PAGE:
BPS changes plans for McCormack students
Alternative high schools sought for transition period
Following fierce criticism, Boston Public Schools Interim Superintendent Laura Perille announced a significant change in the transition plan for students at the McCormack Middle School last week.
Set to close at the end of the next school year while the building undergoes renovations, students at Dorchester’s McCormack school were to be moved to Excel High School in South Boston while a new 7-12 grade school would open in its place, according to Perille’s original plans, part of wider BuildBPS plans released last month. Now, after several rounds of heated feedback sessions between BPS officials, students, parents and teachers, these plans have shifted to include alternative arrangements for the McCormack school community during the transition.
“In the case of the McCormack Middle School, BPS is having productive discussions with teachers about the future of the school’s programming during its transition over the next two years,” said Perille, in a written statement. “We look forward to continued partnership as we work to reshape the district in a way that positively and equitably benefits all students and families.”
While Excel High School remains an option to house the displaced students, whom BPS officials have publicly committed to keeping united, other locations are being considered by the McCormack community and BPS staff.
Despite receiving Perille’s initial plans as definitive, Neema Avashia, an eighth-grade civics teacher at the McCormack, said that this “course correction” signals a positive evolution in discussions between McCormack members and BPS officials.
“In this new version of plans there is still an impact, but at least we can be part of finding a solution gracefully, and in a way that is as mindful about the community and relationships as it possibly can be,” Avashia told the Banner.
The fact remains that McCormack will no longer exist in its current configuration after June 2020, although sixth-graders are still being enrolled for the final school year. The renovated building at Columbia Point is set to open in 2022.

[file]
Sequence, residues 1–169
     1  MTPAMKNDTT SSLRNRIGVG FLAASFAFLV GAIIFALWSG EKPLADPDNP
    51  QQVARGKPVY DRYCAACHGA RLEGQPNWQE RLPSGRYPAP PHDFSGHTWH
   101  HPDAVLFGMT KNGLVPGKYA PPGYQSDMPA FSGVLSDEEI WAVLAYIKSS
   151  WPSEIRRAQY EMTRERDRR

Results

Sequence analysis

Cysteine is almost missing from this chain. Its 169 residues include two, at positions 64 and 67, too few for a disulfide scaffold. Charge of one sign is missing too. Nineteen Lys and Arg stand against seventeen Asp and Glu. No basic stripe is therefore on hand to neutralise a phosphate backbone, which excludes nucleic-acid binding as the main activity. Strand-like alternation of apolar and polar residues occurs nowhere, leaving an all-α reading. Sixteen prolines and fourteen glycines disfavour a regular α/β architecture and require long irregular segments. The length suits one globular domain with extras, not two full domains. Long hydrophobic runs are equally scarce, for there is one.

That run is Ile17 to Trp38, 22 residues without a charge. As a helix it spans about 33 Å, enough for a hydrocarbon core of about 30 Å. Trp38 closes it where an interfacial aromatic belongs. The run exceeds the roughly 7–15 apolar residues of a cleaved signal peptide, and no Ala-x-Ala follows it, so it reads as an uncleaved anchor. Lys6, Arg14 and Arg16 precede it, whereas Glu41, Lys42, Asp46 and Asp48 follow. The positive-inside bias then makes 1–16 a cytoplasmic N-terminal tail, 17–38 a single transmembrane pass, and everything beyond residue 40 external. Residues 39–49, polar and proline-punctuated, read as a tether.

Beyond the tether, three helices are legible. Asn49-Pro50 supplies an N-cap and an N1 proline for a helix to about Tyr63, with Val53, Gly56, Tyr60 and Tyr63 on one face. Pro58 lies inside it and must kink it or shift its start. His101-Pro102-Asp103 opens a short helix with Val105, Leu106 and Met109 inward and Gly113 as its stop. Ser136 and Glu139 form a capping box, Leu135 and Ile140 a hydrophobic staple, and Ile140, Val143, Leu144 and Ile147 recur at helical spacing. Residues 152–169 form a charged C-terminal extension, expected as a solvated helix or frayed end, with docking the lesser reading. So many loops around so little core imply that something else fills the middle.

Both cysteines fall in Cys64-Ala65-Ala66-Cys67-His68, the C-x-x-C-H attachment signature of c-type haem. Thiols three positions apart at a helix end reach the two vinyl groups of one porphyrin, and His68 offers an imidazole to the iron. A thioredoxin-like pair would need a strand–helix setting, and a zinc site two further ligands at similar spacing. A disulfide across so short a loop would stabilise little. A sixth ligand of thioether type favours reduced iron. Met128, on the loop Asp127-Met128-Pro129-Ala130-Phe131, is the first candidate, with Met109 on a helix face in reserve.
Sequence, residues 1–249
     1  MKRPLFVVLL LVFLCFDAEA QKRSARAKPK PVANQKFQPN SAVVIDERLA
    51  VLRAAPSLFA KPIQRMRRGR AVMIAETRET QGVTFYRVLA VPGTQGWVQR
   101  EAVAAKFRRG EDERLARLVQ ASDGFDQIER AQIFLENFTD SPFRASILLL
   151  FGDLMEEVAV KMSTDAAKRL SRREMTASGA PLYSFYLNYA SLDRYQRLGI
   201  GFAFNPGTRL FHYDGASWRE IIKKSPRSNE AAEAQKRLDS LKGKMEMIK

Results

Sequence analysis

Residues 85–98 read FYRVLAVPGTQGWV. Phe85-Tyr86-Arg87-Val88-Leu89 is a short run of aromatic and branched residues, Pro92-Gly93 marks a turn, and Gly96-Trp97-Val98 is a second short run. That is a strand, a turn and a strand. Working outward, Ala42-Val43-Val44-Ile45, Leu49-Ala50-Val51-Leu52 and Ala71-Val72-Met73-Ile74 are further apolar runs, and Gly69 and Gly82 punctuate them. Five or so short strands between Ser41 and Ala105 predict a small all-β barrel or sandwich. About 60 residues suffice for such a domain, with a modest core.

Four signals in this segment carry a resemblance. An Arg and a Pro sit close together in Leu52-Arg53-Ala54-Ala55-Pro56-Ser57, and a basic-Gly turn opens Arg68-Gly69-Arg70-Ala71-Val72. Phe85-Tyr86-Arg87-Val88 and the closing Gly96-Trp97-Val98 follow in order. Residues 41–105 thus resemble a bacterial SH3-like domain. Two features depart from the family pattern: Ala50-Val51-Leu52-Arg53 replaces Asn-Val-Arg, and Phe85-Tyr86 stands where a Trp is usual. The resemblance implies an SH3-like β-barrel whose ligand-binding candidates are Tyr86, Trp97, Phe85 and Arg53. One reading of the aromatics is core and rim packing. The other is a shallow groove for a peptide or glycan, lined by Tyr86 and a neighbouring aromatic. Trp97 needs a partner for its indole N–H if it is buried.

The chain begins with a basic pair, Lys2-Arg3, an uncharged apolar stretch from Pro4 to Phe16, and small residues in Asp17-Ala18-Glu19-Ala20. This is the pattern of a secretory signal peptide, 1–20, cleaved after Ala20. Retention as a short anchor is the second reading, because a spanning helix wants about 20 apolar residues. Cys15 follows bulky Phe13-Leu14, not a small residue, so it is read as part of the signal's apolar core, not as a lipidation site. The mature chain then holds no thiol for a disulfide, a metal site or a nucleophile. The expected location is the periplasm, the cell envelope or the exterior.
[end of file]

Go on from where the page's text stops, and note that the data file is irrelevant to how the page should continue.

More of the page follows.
In finding a new partner school, Avashia said there is no wish-list, but that the process in joining with another high school should not overly burden either institution or their communities.
The state has identified the school in South Boston as failing. Staff at the Excel High School were not consulted properly during initial planning, said Avashia, and while she appreciates that “every school is working hard to do the best they can,” she added, “we have to make sure our planning does right by everyone and doesn’t throw additional complications at that community.”
Like many advocates, Avashia called for mutually understood criteria to be agreed upon by the McCormack community and BPS staff before a new partner school is decided on.
“It’s really about finding a plan that meets the needs of the district, matches the value of our school, and engaging as many high schools as possible in the process to find the right one,” said Avashia.
“BuildBPS is a 10-year educational and facilities master plan for the district that is designed to allow for an extensive period of public input,” said Perille. “Along the way, BPS is providing the public updated information about long-range planning for schools in each neighborhood of the city and is making good on its promise to incorporate that feedback.”
Avashia and other members of the McCormack school community have been very vocal in their criticism of Perille’s plans, highlighting the apparent lack of consideration granted to current McCormack students in initial BuildBPS blueprints.
“Perille has heard our concerns and is trying to accommodate our feedback, and I’m grateful for that,” Avashia told the Banner.
Under BPS’ master plan, the West Roxbury Academy and the Urban Science Academy will also close. They share a building in West Roxbury that the city’s Inspectional Services Department deemed unsafe. The Boston School Committee will vote on this action on Dec. 5.
For members of the McCormack school community, this latest development brings hope that in navigating the challenges that lay ahead as the school prepares to close, perhaps the voices of those most impacted by the decision will finally be heard.
“The shift [by the BPS] is really in recognizing that a school is not just a school building, but a community of people,” said Avashia. “You can’t do change to people, you have to engage them in that change.”